Great Food from the College Kitchen

This past fall they also did the Government of Yukon Agricultural Branch’s North of 60 Conference banquet and sourced almost 90 per cent of the ingredients for the dinner from local farmers.

In the north this is especially a challenge as the conference is in November, so a lot of fresh produce isn’t available and meats must be inspected in order to be used in a commercial setting. But this only added to the learning experiences of the students. During the summer, staff and interns were sent to the Fireweed Community Market to make connections with the local farmers and were able to source quite a variety of meat and vegetables.

The Culinary Arts Department is also set up to grow produce. Their kitchens have a “cultivator” in which they are able to grow their own herbs and salad greens. A cultivator is an automated, enclosed, self-contained cabinet in which to grow plants. Each shelf in the cabinet contains full spectrum lights and is plumbed into the water system. The cultivator is about the size of a double wide drink cooler and is intended to be part of kitchen. Even now there are fresh herbs growing and summer vegetables started.

The vegetables will be grown in a greenhouse designed by Yukoner Bob Sharp, which was completed last summer.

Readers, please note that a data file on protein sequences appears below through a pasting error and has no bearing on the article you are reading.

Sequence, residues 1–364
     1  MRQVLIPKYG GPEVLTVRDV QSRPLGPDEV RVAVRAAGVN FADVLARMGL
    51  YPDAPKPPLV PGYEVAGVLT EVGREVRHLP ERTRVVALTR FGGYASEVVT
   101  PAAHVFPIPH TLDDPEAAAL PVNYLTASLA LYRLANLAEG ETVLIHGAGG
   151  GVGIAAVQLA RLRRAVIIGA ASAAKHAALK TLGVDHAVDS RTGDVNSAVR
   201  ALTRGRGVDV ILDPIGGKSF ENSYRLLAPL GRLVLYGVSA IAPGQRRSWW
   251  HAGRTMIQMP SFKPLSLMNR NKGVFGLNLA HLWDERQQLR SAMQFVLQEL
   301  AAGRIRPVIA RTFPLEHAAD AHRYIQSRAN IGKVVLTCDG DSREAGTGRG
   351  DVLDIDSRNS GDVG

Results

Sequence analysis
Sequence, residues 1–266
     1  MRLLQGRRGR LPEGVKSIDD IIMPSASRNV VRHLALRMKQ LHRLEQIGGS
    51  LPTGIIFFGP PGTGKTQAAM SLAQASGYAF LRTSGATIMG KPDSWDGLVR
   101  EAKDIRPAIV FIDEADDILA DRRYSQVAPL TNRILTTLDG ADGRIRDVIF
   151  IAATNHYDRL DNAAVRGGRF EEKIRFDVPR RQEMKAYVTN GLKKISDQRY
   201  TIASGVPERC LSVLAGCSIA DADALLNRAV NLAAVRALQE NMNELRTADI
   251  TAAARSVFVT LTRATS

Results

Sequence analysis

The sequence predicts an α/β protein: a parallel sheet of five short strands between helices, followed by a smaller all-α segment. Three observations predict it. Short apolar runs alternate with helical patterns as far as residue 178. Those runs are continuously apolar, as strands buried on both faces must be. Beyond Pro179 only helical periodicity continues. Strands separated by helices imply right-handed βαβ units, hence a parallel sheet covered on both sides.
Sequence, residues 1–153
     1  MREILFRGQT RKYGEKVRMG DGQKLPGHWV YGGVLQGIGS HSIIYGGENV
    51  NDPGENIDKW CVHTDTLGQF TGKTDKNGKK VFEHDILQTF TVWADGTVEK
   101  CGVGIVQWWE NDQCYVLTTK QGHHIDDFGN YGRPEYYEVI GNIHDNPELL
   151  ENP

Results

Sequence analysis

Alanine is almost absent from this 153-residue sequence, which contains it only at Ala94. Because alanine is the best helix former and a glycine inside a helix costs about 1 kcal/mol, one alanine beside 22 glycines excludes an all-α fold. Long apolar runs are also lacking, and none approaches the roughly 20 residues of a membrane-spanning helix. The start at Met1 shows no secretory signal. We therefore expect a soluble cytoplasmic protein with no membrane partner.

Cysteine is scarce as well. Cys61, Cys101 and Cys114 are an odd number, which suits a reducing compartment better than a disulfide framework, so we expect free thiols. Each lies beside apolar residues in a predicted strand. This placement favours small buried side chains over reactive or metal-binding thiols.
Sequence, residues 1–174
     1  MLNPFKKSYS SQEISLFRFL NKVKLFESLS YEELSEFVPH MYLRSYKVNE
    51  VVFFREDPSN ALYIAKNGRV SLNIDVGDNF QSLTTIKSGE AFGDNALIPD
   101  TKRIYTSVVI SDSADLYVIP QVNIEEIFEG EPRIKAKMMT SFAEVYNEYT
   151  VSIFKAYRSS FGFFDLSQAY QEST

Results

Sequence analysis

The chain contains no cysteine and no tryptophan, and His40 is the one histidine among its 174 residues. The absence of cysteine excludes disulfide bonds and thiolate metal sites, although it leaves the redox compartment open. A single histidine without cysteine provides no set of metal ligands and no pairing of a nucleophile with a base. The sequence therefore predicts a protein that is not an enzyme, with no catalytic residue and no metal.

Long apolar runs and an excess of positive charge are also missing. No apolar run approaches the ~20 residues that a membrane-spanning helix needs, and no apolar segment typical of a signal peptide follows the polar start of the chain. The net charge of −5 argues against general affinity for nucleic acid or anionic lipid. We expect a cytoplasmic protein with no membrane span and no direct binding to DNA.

They planted it for the first time in August and harvested in September, then planted a second time in September and were able to continue harvesting right up until the end of October.

The Culinary Arts program runs from September to April, giving each student a foundation in the culinary world. Added to this foundation the students are challenged to have a passion for what they do.

Encouraged to be creative, the students are allowed to add their personal touches to the different foods prepared. Teamwork is also encouraged. As an example, the award was given to the entire department and not a single person. The award will be hung in the Bistro, to be enjoyed by all who see it.

Menu for the North of 60 Banquet

An example of what Batten teaches his students.

  • Focaccia bread made with local triticale flour and herbs
  • Romaine and baby greens, walnut bacon lardons, bannock croutons and carrot gorgonzola
  • Roasted beet salad with shaved Brussels sprouts and goat cheese
  • Smoked potato salad with microgreens and parsnip ranch dressing
  • Roasted carrots, parsnips and celery root with kale roasted potato medley
  • Beef cabbage rolls with roasted tomato sauce
  • Roasted leg of pork with black currant glaze
  • Banana shortcake with wild blueberry sauce
  • Haskap shortcake with strawberry compote

Ingredients Were Sourced Locally From:

Whitehorse Area

Circle D Ranch: beef and pork

Sunnyside Farm: triticale flour (a hybrid of wheat and rye)

Yukon Agriculture Branch Research Farm: black currants

Yukon Berry Farm: haskaps

Yukon College Culinary Arts program: microgreens

Yukon Gardens: tomatoes

Yukon Grain Farm: cabbages, carrots, parsnips and potatoes

Fox Lake

Wild Things: wild blueberries

Dawson City Area

Kokopellie Farm: Brussels sprouts, celery root, kale and dry herbs

Tr’ondek Hwech’in Teaching and Working Farm: carrots and potatoes

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